I remember the time when everyone had to wear red shirts.
It was a forced fashion, to be sure.
Heavy. Enslaving. Enchanting.
I remember watching the queen throw shirts on her sons and turn them into swans.
Wait. Was that how the story went?
Or was it that the king was a powerless ruler and his sons were using the queen to get shirts?
It’s so hard to retell stories about failed states and gangs. They rarely make any sense.
Anyways, there I was, standing at the street corner, watching it all unfold and that’s when everything went wrong.
In that place, you were either a shirt-wearer or a skin-lover. But if you were the latter, you hid in a hovel in the ground, never to feel the light of day or show your nakedness to the world.
The skin people lived apart from society and could do nothing but spin yarn every day with no one to sell it to. But without those red shirts, they lived. You’d never find a machete or a sword in a hovel because the skin-lovers found the blade of poverty infinitely more appealing.
I too had been a skin-lover. I had a daughter. We lived in a hovel. We were happy.
This is the story of a single mother and her little girl living in a world of shirts.
They tried as hard as they could to stay hidden, to stay out of the light, to stay whole.
But the shirt-wearers came to them. They built factories right outside their hovel.
The blue and white flag waved proudly in the sky. Super Mano Dura was in effect and all the 12-year old boys were in jail.
Then along came a bus.
I saw the violence that these sons of the queen committed to make shirts, and these sons saw me in return.
I took to flight.
Faster than wings on a swan, I flew away from that upside-down fairy-tale world, leaving my little girl behind.
Everyone knows that a child who wears a red shirt will not have a happy ending. But no one ever thinks about the eyewitness. They don’t really fall into the helper category.
From then on, I lived in the forest, far away from those shirt-lovers, or so I thought.
I did the only thing I knew how to do. I made yarn.
In fact, I made so much yarn that I was able to make a dress for my daughter. She was going to come live with me, you know, and her dress would be a light shade of pink.
A Quinceañera in the woods would be quite lovely, I thought.
The next day, a small, old woman came to the house. Her name was Indira. She wanted to make a trade – my yarn for her spinning.
The deal was easily made, and we set to work.
But Indira didn’t just want to help me make a pink dress. She wanted to teach me more. There is nothing better than knowing how to make shirts whiter than snow, she would say.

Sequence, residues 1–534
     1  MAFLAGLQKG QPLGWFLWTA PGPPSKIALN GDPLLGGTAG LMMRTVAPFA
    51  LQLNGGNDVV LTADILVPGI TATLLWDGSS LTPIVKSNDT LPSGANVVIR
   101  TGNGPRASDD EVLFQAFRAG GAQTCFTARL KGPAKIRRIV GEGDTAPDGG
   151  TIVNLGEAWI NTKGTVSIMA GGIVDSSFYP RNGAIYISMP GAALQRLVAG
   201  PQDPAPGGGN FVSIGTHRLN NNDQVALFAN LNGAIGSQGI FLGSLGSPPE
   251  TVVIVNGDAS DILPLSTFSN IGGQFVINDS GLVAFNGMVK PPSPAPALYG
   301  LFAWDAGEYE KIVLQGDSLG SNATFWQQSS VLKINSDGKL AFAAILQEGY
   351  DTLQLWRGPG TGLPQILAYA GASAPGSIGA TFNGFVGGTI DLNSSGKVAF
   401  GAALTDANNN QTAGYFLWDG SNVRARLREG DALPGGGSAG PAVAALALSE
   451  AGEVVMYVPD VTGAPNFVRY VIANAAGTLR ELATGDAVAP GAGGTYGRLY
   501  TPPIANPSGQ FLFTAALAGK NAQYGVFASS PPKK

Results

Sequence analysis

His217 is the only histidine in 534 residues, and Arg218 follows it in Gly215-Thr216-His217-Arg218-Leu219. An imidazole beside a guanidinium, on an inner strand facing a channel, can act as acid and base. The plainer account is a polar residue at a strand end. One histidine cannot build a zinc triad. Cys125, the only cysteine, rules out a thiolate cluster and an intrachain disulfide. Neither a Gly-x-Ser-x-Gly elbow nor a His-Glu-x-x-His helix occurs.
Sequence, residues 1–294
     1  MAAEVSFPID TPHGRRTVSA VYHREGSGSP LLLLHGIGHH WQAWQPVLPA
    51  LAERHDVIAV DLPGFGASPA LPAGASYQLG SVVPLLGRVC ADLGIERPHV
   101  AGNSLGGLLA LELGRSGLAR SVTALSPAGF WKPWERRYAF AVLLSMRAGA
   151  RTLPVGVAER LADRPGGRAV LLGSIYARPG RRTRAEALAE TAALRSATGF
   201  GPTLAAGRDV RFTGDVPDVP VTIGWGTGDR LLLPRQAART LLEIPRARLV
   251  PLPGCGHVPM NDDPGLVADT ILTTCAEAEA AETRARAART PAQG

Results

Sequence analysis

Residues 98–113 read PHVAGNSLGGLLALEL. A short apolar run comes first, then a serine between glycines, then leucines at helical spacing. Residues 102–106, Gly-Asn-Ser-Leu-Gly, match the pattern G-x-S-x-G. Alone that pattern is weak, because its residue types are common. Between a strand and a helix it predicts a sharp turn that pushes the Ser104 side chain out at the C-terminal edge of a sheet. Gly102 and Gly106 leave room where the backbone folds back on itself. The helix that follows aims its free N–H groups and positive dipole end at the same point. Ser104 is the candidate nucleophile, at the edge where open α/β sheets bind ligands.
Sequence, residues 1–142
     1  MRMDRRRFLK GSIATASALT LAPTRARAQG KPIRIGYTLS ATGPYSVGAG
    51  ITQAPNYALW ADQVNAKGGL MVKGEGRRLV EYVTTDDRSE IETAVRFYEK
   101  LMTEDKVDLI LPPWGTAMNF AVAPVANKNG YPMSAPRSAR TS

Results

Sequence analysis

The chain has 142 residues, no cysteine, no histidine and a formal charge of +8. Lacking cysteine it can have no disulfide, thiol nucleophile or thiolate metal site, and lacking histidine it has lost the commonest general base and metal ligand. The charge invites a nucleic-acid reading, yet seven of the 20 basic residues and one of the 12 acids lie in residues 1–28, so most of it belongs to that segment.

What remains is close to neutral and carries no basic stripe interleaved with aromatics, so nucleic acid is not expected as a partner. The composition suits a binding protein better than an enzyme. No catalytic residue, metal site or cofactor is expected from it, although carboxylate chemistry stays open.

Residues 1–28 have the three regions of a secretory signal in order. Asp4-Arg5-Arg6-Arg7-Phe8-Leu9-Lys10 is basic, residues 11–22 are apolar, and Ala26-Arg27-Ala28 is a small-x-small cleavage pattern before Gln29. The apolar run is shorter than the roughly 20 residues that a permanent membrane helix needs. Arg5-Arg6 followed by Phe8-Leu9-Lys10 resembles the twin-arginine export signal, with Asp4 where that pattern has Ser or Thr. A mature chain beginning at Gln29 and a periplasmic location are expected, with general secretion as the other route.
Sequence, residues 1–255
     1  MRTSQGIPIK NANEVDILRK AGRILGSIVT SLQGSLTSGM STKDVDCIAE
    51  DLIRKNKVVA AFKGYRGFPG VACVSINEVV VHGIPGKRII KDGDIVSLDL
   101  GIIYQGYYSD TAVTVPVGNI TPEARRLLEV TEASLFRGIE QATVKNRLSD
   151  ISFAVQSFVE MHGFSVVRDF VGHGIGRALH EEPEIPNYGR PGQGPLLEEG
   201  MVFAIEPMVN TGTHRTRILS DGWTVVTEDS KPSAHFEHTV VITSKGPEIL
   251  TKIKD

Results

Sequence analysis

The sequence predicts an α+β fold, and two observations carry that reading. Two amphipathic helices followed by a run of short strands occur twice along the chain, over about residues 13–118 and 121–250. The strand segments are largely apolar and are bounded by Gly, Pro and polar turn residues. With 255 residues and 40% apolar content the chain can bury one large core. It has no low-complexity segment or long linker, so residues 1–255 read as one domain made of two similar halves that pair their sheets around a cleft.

But I had had enough with shirts!
No, No, Indira replied. These are not like those red shirts. They’re not heavy, but light. Not enslaving, but freeing. Not enchanting, but life-giving. These were not gang shirts. But a new identity, yes that would come with the shirt. Everyone wears a shirt, she would say.
We talked while we spun. Sometimes a whole day would go by without even a second of silence. The process of clothing my daughter was not painful. Only the heart ached and longed.
Then, the day finally arrived!
But happy endings never come without striking a bargain first.
Coyote – $11,000 – daughter.
Well, that was a bad bargain.
Besides, it is better to travel by air. On the wings of a swan, I flew back to my old fairy tale land and brought my daughter back with me to the forest.
We were united again at last!
Our joy would not continue for long though.
There had been feathers in my daughter’s suitcase. Red, blood feathers.
I should have known! I should have checked!
She carried these feathers in her hands to school and eventually they turned into red shirts of their own.
Before I knew what had happened, my daughter disappeared.
Facebook – that postmodern magical object – became the mirror to the past. I found a picture of her putting on a red shirt. That’s when I knew I was too late.
Indira loved my daughter like she was her own.
The three of us – my daughter, Indira and myself – now spun and sewed together every day. She would tell us tales from her own mother land, and we would share tales from ours.
If my daughter did have feathers with her, she got rid of them long ago.
Now she wants to learn how to sew her own shirts, like Indira. But only the white ones.
Michelle Ami Reyes
Michelle Ami Reyes is a second generation Indian American author, speaker, and activist in Austin, TX. She is the vice president of the Asian American Christian Collaborative and the co-church planter of Hope Community Church. Her writings on race, culture, and justice have appeared at Christianity Today, ERLC, Missio Alliance, Faithfully Magazine, and Patheos, among other publications. She and her husband, Aaron, have two young kids aged five and two
Artwork: Rob Woodcox, Rising Star (Part 2)